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Nutrients and health benefits

Why is it important to make lean or low-fat choices from the Protein Foods Group?

 
Foods in the meat, poultry, fish, eggs, nuts, and seed group provide nutrients that are vital for health and maintenance of your body. However, choosing foods from this group that are high in saturated fat and cholesterol may have health implications.
 
The chart below lists specific amounts that count as 1 ounce equivalent in the Protein Foods Group towards your daily recommended intake:
 

 

Amount that counts as 1 ounce equivalent in the Protein Foods Group

Common portions and ounce equivalents

Meats

1 ounce cooked lean beef

1 ounce cooked lean pork or ham

1 small steak (eye of round, filet) = 3/12 to 4 ounce equivalents

1 small lean hamburger = 2 to 3 ounce equivalents

Poultry

1 ounce cooked chicken or turkey, without skin

1 sandwich slice of turkey (4 1/2 x 2 1/2 x 1/8")

1 small chicken breast half = 3 ounce equivalents

1/2 Cornish game hen = 4 ounce equivalents

Seafood

1 ounce cooked fish or shell fish

1 can of tuna, drained = 3 to 4 ounce equivalents
1 salmon steak = 4 to 6 ounce equivalents
1 small trout = 3 ounce equivalents

Eggs

1 egg

3 egg whites = 2 ounce equivalents
3 egg yolks = 1 ounce equivalent

Nuts and seeds

1/2 ounce of nuts (12 almonds, 24 pistachios, 7 walnut halves)
1/2 ounce of seeds (pumpkin, sunflower, or squash seeds, hulled, roasted)
1 Tablespoon of peanut butter or almond butter

1 ounce of nuts of seeds = 2 ounce equivalents

Beans and peas

1/4 cup of cooked beans (such as black, kidney, pinto, or white beans)
1/4 cup of cooked peas (such as chickpeas, cowpeas, lentils, or split peas)
1/4 cup of baked beans, refried beans

1/4 cup (about 2 ounces) of tofu
1 oz tempeh, cooked
1/4 cup roasted soybeans 1 falafel patty (2 1/4", 4 oz)
2 Tablespoons hummus


1 cup split pea soup = 2 ounce equivalents
1 cup lentil soup = 2 ounce equivalents
1 cup bean soup = 2 ounce equivalents


1 soy or bean burger patty = 2 ounce equivalents
 


NutrientsMeat, spinach, and beans image

  • Meat, poultry, fish, dry beans and peas, eggs, nuts, and seeds supply many nutrients. These include protein, B vitamins (niacin, thiamin, riboflavin, and B6), vitamin E, iron, zinc, and magnesium.
  • Diets that are high in saturated fats raise “bad” cholesterol levels in the blood. The “bad” cholesterol is called LDL (low-density lipoprotein) cholesterol. High LDL cholesterol, in turn, increases the risk for coronary heart disease. Some food choices in this group are high in saturated fat. These include fatty cuts of beef, pork, and lamb; regular (75% to 85% lean) ground beef; regular sausages, hot dogs, and bacon; some luncheon meats such as regular bologna and salami; and some poultry such as duck. To help keep blood cholesterol levels healthy, limit the amount of these foods you eat.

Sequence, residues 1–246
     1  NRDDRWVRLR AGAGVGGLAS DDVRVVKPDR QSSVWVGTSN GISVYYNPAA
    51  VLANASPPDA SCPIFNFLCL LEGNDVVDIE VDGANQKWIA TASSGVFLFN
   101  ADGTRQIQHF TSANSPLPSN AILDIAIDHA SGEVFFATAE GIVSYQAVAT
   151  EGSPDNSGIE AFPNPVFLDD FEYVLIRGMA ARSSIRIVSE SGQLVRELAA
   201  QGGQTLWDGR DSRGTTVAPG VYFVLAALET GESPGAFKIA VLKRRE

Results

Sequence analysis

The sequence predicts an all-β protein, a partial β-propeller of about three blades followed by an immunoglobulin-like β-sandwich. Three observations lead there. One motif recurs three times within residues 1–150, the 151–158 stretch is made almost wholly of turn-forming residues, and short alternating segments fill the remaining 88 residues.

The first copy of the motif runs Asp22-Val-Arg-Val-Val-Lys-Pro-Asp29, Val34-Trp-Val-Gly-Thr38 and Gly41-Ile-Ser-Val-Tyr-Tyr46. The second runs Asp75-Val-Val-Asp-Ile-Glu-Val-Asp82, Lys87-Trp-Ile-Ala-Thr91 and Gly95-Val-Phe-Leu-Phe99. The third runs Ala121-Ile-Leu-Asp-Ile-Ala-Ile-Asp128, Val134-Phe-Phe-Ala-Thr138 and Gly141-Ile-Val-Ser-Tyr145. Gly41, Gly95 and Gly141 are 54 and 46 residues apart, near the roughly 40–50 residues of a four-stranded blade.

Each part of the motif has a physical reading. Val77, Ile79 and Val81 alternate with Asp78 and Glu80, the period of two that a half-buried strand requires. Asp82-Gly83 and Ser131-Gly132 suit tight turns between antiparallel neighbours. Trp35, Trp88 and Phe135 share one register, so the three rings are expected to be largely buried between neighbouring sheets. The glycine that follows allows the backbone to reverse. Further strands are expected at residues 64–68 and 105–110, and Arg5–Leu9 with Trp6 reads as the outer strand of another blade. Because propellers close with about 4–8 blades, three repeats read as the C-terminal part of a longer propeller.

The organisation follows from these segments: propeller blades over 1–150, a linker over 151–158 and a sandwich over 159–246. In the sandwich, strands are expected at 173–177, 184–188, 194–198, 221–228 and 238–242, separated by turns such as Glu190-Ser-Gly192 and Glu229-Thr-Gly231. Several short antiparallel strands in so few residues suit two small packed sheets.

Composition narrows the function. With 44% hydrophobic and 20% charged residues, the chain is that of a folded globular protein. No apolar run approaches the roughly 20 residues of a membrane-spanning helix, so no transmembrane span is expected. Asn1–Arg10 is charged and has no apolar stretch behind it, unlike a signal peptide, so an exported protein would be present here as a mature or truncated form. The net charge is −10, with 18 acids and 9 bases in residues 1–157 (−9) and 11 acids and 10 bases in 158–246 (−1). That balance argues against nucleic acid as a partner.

• Diets that are high in cholesterol can raise LDL cholesterol levels in the blood. Cholesterol is only found in foods from animal sources. Some foods from this group are high in cholesterol. These include egg yolks (egg whites are cholesterol-free) and organ meats such as liver and giblets. To help keep blood cholesterol levels healthy, limit the amount of these foods you eat.
  • A high intake of fats makes it difficult to avoid consuming more calories than are needed.
     

Why is it important to eat 8 ounces of seafood per week?

  • Seafood contains a range of nutrients, notably the omega-3 fatty acids, EPA and DHA. Eating about 8 ounces per week of a variety of seafood contributes to the prevention of heart disease. Smaller amounts of seafood are recommended for young children.
  • Seafood varieties that are commonly consumed in the United States that are higher in EPA and DHA and lower in mercury include salmon, anchovies, herring, sardines, Pacific oysters, trout, and Atlantic and Pacific mackerel (not king mackerel, which is high in mercury). The health benefits from consuming seafood outweigh the health risk associated with mercury, a heavy metal found in seafood in varying levels.
     

Health benefits

  • Proteins function as building blocks for bones, muscles, cartilage, skin, and blood. They are also building blocks for enzymes, hormones, and vitamins. Proteins are one of three nutrients that provide calories (the others are fat and carbohydrates).
  • Nutrients provided by various protein foods can differ. Varying your protein food choices can provide your body with a range of nutrients designed to keep your body functioning well. B vitamins help build tissue and aid in forming red blood cells. Iron can prevent anemia. Magnesium helps build bones and supports muscle function. Zinc can support your immune systems.
  • EPA and DHA are omega-3 fatty acids found in varying amounts in seafood. Eating 8 ounces per week of seafood may help reduce the risk for heart disease.